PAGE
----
Lecture at NYAM: Susan L. Smith on WWII Mustard Gas Experiments
This year, the New York Academy of Medicine's Public Lecture Series in the History of Medicine and Public Health has been looking at some new aspects of the history of medicine in wartime - specifically, the interplay between war, medicine and society. Our series explores the poisonous ideologies that fester into wars, and the development and testing of deadly new weapons to fight them; the social and
infrastructural stresses and fractures war brings; and the challenges of helping war's maimed and damaged soldiers find peaceful occupations when the fighting is over.
The series concludes next month with Susan L. Smith's look at human experimentation in the context of global war.
Thursday, May , 8, 2008, 6:00 PM with reception at 5:30 PM The Lilianna Sauter Lecture Medicine in Wartime, Part IV: Place, Health and War: World War II Mustard Gas Experiments in Transnational Perspective Susan L. Smith, University of Alberta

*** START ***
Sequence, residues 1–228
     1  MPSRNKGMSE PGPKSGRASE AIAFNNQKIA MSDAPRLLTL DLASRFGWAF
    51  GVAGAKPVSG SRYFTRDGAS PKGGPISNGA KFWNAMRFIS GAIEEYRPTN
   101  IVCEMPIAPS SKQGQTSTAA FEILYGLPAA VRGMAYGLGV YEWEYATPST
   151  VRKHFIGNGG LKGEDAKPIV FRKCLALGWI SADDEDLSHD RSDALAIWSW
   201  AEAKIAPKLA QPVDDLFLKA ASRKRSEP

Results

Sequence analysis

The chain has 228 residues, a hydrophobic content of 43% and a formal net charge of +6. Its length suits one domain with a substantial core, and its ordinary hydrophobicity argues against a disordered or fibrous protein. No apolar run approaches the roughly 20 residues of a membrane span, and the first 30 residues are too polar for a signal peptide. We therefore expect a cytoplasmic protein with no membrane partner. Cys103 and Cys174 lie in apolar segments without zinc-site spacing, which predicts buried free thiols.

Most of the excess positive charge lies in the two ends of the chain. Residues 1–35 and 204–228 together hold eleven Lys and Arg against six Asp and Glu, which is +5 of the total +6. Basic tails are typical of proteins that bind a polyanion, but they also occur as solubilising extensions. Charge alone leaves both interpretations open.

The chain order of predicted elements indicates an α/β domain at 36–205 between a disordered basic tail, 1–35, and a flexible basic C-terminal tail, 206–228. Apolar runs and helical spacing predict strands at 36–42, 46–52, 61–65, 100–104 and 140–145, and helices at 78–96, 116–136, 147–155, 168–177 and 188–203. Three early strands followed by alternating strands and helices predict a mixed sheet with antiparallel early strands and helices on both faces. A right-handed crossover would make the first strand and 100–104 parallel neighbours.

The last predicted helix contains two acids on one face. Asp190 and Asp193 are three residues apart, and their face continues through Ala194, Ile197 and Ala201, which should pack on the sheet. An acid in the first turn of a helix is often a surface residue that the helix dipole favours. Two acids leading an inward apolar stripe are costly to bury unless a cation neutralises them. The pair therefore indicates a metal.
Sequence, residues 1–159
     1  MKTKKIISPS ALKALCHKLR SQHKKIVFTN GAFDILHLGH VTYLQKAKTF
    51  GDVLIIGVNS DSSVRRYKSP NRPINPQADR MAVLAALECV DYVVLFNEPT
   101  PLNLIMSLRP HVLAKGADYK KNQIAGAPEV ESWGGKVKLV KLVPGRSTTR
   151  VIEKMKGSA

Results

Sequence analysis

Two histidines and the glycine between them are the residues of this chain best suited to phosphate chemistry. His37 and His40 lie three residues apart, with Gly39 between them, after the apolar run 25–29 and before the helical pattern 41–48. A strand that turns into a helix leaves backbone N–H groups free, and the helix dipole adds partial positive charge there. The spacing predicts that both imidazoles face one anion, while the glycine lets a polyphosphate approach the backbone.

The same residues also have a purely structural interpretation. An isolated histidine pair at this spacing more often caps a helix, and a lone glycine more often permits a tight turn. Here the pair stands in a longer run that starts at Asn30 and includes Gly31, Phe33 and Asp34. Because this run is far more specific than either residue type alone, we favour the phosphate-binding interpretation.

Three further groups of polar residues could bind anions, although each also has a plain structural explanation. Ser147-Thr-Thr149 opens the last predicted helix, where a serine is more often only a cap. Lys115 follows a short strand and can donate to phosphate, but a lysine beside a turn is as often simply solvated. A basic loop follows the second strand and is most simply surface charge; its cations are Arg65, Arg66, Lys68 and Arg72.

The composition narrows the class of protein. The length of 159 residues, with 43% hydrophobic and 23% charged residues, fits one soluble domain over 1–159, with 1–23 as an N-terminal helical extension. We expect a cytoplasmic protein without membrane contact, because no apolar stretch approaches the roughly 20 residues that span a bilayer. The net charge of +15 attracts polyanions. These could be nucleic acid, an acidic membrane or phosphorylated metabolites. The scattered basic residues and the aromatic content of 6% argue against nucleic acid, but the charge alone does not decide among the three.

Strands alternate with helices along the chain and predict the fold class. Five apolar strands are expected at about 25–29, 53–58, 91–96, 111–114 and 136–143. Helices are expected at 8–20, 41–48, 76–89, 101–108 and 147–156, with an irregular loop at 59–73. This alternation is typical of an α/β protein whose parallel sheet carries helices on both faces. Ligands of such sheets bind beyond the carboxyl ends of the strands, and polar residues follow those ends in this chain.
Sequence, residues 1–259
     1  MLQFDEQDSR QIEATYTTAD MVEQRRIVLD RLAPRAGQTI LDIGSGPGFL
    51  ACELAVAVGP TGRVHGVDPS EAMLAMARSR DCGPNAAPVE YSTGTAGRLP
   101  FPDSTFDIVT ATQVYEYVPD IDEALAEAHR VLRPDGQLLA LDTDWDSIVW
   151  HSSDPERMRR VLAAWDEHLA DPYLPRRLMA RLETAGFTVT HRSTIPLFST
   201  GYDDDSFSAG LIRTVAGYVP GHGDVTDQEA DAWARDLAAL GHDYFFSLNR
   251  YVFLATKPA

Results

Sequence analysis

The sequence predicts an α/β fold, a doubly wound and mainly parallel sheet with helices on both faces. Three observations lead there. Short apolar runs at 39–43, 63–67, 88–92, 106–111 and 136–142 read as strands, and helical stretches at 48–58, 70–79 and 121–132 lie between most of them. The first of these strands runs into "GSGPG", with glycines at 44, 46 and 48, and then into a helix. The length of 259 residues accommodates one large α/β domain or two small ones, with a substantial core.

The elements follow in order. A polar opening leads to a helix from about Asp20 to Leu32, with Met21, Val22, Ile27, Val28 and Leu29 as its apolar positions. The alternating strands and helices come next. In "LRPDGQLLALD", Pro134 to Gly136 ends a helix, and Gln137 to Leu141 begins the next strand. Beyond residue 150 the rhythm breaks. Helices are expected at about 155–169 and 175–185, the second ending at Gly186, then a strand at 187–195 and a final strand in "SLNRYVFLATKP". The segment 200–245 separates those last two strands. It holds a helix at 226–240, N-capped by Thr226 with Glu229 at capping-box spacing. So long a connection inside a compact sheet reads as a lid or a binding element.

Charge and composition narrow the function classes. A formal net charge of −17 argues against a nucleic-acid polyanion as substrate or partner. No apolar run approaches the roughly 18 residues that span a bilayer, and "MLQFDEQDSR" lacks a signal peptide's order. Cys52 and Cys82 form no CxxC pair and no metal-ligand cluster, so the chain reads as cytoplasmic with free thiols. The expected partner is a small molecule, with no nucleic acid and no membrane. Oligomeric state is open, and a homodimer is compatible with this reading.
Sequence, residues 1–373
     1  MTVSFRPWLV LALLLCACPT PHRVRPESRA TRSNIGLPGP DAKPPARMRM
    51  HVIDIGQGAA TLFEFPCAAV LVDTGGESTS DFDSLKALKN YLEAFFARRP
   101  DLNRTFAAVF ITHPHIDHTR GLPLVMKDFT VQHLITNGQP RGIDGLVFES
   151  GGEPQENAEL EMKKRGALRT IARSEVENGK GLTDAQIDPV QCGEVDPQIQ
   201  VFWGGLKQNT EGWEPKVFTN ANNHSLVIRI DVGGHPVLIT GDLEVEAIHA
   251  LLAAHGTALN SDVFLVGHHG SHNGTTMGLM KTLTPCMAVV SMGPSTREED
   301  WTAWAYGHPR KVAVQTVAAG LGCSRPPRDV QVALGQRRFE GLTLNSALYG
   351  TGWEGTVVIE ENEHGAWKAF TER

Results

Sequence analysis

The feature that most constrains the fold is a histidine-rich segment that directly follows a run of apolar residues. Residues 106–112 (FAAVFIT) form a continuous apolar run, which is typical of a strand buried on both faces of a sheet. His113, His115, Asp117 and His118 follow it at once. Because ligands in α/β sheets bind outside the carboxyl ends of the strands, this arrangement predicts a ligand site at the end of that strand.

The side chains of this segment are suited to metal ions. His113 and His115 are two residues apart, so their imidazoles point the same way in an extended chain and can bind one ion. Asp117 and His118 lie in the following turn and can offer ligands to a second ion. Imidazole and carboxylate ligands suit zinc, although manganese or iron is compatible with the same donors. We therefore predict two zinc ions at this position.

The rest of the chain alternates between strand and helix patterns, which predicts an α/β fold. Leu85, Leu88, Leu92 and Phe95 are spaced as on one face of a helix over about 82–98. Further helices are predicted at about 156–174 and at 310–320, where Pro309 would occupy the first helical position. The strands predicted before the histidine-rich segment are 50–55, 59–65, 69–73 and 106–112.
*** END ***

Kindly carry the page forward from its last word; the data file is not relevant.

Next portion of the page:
In the early 1940s, medical scientists funded by the U.S. Chemical Warfare Service conducted painful mustard gas experiments on at least 60,000 American soldiers. The Allies, including the governments of Canada, Britain, Australia, and the United States, conducted these experiments on their own soldiers in order to identify the impact of chemical weapons on the health of soldiers. One component of the research program involved examining how mustard gas affected men of various "races." At least eight separate experimental programs in the United States focused specifically on Japanese American and African American soldiers and one focused on testing Puerto Ricans on an island off Panama. The researchers were searching for evidence of race-based differences in the responses of the human body to mustard gas exposure. In the 1940s in a climate of contested beliefs over the existence and meanings of racial differences, medical researchers examined the bodies of these specific minority groups for evidence of how they differed from whites.
Susan L. Smith is a Professor of History and Classics at the University of Alberta specializing in the history of health and medicine. Her current reserach focuses on race, health, and war. She is the author of two books on race and health in the United States, Sick and Tired of Being Sick and Tired: Black Women's Health Activism in America, 1890-1950 and Japanese American Midwives: Culture, Community, and Health
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